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10 May 2017

Theresa May’s cosy sofa interview sets a worrying precedent for the BBC

Politicans have always sought more friendly formats, but broadcasters should resist.

By Roger Mosey

Politicians love sitting on broadcasters’ sofas. Instead of the pesky Today programme or the tenacious Channel 4 News, they get to show what all-round regular folk they are – chattering about their favourite music or what they did on their holidays or who in the family puts the bins out.

Journalists generally find these soft formats pretty grim, and especially if they’re chosen as an alternative to a more rigorous interview. The BBC’s editorial policy team, charged with ensuring fairness and impartiality across the organisation, have traditionally taken a similar view. They have become used to political parties trying to circumvent the traditional news circuit, and they have done a valiant job in resisting some of the more blatant attempts to gain political advantage with cosy formats.

Politicians are keen to reach audiences which normally would run a mile from them. Hence the kind offer when I was at BBC Sport from Tony Blair – delivered via John Motson – to appear on Football Focus reminiscing about Newcastle United. Then there was the campaign from David Cameron’s team to get him on air during the Olympics. I woke up one morning to find the prime minister pontificating about the Games on the Chris Evans breakfast show on Radio 2 in an interview that we thought we had explicitly forbidden – but which had been achieved through some personal contacts with the programme team.

So was it a surprise to see Theresa May and her husband Philip perched on the One Show sofa? Yes, it was – because this is in the heat of an election campaign, and it’s one in which the PM has declined the BBC’s offer to appear in a leaders’ debate on prime time television. There are, of course, plausible arguments for going ahead with the broadcast. It was a scoop to get the first interview with the PM’s husband. If the BBC hadn’t done it, a rival broadcaster would; and there is room for a gentler approach to politicians during the course of a campaign. James Lansdale’s kitchen interviews in the 2015 campaign were a conspicuous success; and the BBC will grill Mrs May in a multitude of formats before polling day.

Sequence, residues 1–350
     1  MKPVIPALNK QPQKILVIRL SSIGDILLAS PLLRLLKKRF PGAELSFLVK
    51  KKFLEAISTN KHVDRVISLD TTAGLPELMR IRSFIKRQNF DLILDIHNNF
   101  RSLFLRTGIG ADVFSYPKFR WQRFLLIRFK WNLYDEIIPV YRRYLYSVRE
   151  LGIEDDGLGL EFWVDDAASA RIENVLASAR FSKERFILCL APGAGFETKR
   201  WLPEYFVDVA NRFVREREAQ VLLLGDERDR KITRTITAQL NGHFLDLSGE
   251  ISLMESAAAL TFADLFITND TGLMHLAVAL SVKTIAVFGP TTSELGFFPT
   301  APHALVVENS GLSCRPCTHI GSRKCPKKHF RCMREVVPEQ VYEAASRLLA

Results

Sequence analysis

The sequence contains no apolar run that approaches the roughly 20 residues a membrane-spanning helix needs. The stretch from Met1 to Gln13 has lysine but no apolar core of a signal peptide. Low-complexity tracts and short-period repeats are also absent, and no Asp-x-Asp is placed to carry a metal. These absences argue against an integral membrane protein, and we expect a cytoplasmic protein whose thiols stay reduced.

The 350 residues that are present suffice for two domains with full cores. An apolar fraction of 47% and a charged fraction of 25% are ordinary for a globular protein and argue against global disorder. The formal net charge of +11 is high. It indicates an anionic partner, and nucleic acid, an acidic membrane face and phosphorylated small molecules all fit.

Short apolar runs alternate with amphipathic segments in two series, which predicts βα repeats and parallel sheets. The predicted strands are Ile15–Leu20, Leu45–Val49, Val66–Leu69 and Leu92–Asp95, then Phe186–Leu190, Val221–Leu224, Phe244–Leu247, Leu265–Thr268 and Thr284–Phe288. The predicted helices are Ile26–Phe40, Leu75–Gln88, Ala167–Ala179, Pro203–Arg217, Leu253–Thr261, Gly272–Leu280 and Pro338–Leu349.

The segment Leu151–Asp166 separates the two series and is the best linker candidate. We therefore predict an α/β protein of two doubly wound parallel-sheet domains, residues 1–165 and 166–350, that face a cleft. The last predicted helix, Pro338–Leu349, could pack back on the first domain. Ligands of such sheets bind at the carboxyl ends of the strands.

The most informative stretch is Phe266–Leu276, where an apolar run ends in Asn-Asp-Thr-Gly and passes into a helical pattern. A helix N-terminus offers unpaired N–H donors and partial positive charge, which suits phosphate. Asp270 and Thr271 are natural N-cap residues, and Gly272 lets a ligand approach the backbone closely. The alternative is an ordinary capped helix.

But the arguments against are formidable too. I’m guessing that some executives’ hearts were in their mouth as they watched Matt Baker and Alex Jones stepping into what is for them deeply unfamiliar territory; and the usual nods and interjections of approval are awkward when they’re facing a politician seeking election. What puzzles me more is that the interview was accepted as a husband-and-wife format when the other potential prime minister, Jeremy Corbyn, has reportedly not agreed to do the same. Since there is no obligation on Corbyn to turn up with his spouse, and she’s entitled to her privacy, it creates a potentially unfair contrast for him with the marital duo offered by the Conservatives.  

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So what we ended up with was something that was certainly an interesting watch, and the acres of newspaper coverage this morning confirm that it was a triumph across all platforms for whoever came up with the idea. It was certainly a winner for Conservative Central Office. But it’s an uncomfortable precedent if potential prime ministers are expected to appear on chat shows with their plus one; and in particular it will be harsh if Jeremy Corbyn gets more stick for landing on the One Show sofa on his own.

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